Thursday, 13 May 2010
Do Not Call Register Legislation Amendment Bill 2009
Everyone hates getting annoying phone calls during dinnertime from telemarketing companies trying to sell them something. It is the last thing that anyone wants after a hard day’s work. Family First supported the creation of the Do Not Call Register back in 2006 to stop these kinds of calls and we support the changes in the current bill, which will extend people’s registration from three to five years. For many people, telemarketing calls are unwanted—they are a nuisance and an invasion of family time at home. For almost three years now, four million Australians—that is a lot of Australians—have exercised their right to get rid of these unwanted calls by registering themselves on the Do Not Call Register.
That is four million Australian families who do not want to get unwanted marketing calls—four million Australian families who do not want their time wasted by these annoying calls. But guess what? Up until just a week or so ago, many of these people faced the prospect of dropping off the Do Not Call Register and once again becoming fair game for those nuisance calls. Why? Because their registration on the Do Not Call Register was going to expire. That would have meant many people would drop off the Do Not Call Register leaving them exposed when they thought they were protected by the register. It would also have meant no more quiet dinner times sitting down with the family and catching up on the day’s events; no more undisturbed TV—perhaps watching the Senate—when you get to plonk yourself on the couch after a long day at work; no more quality time with the kids or helping them out with their homework without annoying phone calls. Instead, the government finally got the message that people on the Do Not Call Register really do not want to have to keep on registering over and over again. So what did they do? They drafted an amendment. Did they draft an amendment to ensure that people would be permanently registered on the Do Not Call Register unless they asked otherwise? No, of course not. That would be doing what most people would probably want them to do. Instead, they have extended the length of registration from three years to five years. What that means is that the problem of people dropping off the Do Not Call Register unwittingly has not been fixed; it has been simply delayed. Because in two years from now the people who rushed to put themselves on the register back in May 2007 will be in the same position they are now. Sure, people can re-register themselves on the Do Not Call Register but let us face it, how many people do you think are really going to do this? How many people do you really think actually know that they are going to drop off the list and will need to re-register themselves? The government will probably say they will have some sort of campaign but we all know that that is not as effective as allowing people to register permanently.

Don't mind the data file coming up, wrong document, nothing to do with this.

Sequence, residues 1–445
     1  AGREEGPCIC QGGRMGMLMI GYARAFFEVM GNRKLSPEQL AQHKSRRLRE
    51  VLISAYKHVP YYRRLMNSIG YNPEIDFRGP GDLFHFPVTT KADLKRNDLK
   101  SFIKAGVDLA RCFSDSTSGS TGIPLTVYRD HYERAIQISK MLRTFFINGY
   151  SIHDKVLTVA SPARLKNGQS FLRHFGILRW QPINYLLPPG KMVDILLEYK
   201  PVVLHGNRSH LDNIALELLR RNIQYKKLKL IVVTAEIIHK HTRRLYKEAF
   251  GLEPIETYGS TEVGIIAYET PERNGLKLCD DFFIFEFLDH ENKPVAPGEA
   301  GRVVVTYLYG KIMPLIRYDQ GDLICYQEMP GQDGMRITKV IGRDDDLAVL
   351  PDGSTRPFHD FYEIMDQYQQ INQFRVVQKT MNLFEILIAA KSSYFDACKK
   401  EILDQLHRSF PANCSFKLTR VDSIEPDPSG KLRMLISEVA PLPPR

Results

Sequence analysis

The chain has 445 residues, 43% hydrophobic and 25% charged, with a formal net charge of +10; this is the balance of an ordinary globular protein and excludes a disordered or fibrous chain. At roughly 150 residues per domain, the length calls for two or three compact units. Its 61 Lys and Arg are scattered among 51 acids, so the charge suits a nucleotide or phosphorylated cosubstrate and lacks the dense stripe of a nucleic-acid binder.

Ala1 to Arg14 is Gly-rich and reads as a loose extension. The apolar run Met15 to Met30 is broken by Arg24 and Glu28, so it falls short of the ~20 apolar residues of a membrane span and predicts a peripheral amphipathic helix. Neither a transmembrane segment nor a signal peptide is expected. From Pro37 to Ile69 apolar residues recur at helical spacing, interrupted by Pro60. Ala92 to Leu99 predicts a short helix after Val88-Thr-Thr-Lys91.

I spoke to a number of people and asked them about the Do Not Call Register. None of them had the foggiest idea that you need to re-register. Maybe up in government circles—maybe in 7.30 Report land, I do not know—this is the topic of conversation at dinner parties, but I can tell you that out on the street most ordinary Australians would not have a clue. And now, because of shonky public policy, all these people will again be fair game for telemarketers, not now but in two years time. The government is delaying the problem, not fixing it. And what about those vulnerable Australians who most need this protection from those nuisance calls? Those Australians, many of them elderly, who unfortunately are more susceptible to high-pressure tactics and need the protection that the Do Not Call Register provides. There are many vulnerable Australians who really hold on to the fact that their number is not on telemarketers’ lists and I think the government has totally underestimated how much people rely on this register. Does the government really think that these people know that they have to re-register? I cannot believe it.